- IIoT and Industry 4.0 are changing conveyance technology
- Motor-driven roller conveyors that divide a line into separate zones can assist in moving products of different shapes and sizes along a common track
- Other flexible solutions such as Beckhoff’s X-Planar can allow manufacturers to transport products as batches of one
Related to this episode:
- Why conveyance technologies remain an industry lynchpin
- Plasmatreat redesigns equipment to incorporate XPlanar floating movers from Beckhoff
- Technology Matters video discussing Beckhoff's XPlanar technology debut at PACK EXPO Connects
- Gain an in-depth look at PMMI's research on automation and hear from experts on industry topics by visiting PMMI's Business Intelligence video library.
|Read the transcript below:|
This week, I'd like to discuss conveyance. And this is the fundamental means by which plant operators get materials from point A to point B in their facilities. I want to look at how it's evolved in recent years. Conveyance systems have been around for a very long time, so long in fact, that I really don't think we'd be amiss to consider them one of the first technologies that really actually sought to mechanically automate what formerly would have been performed by manual labor. And there are all kinds of conveyors, of course, as I'm sure our listeners know. There's typical belt conveyors of various types, spiral conveyors, and even hanging conveyors. But the thing is, we often don't talk about them precisely because they're so quintessential. It's a bit like that old joke where the fish swims by two others and says, "How's the water?" And then of course the two younger fish, they turn to each other and they say, "What's water?" They don't even know what it is because they're so completely surrounded by it.
But in connection with other changes that are happening due to the explosion of IIOT and Industry 4.0 technologies, there is a lot of innovation happening in the convenience space too. And we should pay attention to it. One easy example of this, of course, is the implementation of motor driven roller conveyors. These are conveyors that are broken into many different zones. Each of which is powered by a single small motor that's outfitted with digital feedback sensors and a variable frequency drive. What this means essentially is that you can achieve what's called zero pressure accumulation. So if you're moving many different packages that might be different shapes or different sizes, the products don't ever need to physically touch.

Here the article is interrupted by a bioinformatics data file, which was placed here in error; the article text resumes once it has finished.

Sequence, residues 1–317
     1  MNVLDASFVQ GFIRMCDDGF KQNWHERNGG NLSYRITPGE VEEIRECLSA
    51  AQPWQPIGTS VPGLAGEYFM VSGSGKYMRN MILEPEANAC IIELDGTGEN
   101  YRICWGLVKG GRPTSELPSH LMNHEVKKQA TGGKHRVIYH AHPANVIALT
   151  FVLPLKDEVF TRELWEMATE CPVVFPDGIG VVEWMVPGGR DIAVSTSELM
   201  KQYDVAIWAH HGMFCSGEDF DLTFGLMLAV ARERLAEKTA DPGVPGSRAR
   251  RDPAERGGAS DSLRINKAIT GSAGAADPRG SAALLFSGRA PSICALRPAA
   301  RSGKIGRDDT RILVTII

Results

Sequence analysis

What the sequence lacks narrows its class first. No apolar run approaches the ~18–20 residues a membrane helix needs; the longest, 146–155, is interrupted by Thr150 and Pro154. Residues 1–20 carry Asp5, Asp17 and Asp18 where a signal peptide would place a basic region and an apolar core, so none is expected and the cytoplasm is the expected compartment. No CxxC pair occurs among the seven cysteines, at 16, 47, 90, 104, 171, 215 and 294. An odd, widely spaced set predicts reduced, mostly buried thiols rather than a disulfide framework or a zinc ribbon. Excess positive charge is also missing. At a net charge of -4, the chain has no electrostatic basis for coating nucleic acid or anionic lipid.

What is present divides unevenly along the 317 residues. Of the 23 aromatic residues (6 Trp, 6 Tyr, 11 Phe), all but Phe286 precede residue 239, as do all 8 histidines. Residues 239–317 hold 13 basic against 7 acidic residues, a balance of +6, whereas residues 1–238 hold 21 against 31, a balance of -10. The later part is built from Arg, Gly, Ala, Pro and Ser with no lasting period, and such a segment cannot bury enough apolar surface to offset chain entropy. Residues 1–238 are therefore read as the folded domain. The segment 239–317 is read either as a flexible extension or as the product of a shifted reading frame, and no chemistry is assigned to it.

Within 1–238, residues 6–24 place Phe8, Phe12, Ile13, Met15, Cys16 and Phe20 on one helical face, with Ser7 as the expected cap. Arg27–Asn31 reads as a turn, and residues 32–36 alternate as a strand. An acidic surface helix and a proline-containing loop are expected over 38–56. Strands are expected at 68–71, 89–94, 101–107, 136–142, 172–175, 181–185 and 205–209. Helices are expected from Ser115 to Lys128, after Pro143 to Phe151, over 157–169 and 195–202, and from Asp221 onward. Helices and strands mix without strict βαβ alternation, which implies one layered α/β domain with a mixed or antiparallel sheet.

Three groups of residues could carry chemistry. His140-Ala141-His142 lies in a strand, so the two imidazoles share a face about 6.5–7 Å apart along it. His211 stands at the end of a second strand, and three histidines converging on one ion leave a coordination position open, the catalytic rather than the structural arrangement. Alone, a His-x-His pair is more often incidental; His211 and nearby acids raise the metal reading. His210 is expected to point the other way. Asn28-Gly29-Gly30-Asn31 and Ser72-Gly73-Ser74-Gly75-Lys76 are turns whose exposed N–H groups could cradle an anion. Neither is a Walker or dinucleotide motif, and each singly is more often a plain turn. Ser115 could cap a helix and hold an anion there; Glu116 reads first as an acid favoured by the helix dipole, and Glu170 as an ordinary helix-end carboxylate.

In fact, because the conveyor is broken into zones, you could even stop the movement of one good while the others that are ahead of it in the line actually continued moving. So the result of this is that it not only reduces the kind of back pressure and friction that may cause wear and tear on conveyance systems when products build up on a line, but it can also allow different products that are being worked on by other peripheral devices, such as robotic arms can move down the line more efficiently. So if one needs to stop for longer, the others that are ahead of it, keep moving. That's a simple way to put it. And again, it's those feedback sensors, their ability to communicate their information to a VFD and other devices such as robotic arms that make this possible. So it really is a part of digital transformation in that way.
Another interesting technology that's even newer is the XPlanar system from Beckhoff. And this is even more unique than the motor driven roller conveyance concepts that we actually see common across many different companies. Whereas with the motor driven rollers, you have zones on them that can break up goods into smaller batches, the XPlanar actually gives you a true batch of one. It works using planar movers, these flat square tiles that actually levitate above a magnetic tiled surface. And there's a few different benefits you get with this. For one, you are entirely unimpeded by the limitations of a sub track. So these planar movers can rearrange themselves, reorient themselves. They can move diagonally, horizontally, whatever it is you need. So this is a very flexible system.
In addition, these tiles can actually rotate and spin in place. So what we've seen this used for is actually mixing fluids in chemical and pharmaceutical applications. For instance, there will be a small vial and fluids will be added to it, and then the panel will spin and the centrifugal force of the spinning will actually mix the fluids. It seems simple, but previously that would have been much more difficult to accomplish in an automated manner.
So these are just two examples of the many, many other advanced forms of conveyance that are out on the market right now. We see a few trends here that recur elsewhere, in addition. We see modularity, flexibility and so forth. So it's really consonant with other things we see happening in industry, and there's a lot of innovation happening in this space. So it really goes against the old adage that there's nothing new under the sun.
In any case, that's everything I have for you today. But if you enjoyed this segment, do continue tuning in for more to come in the weeks ahead.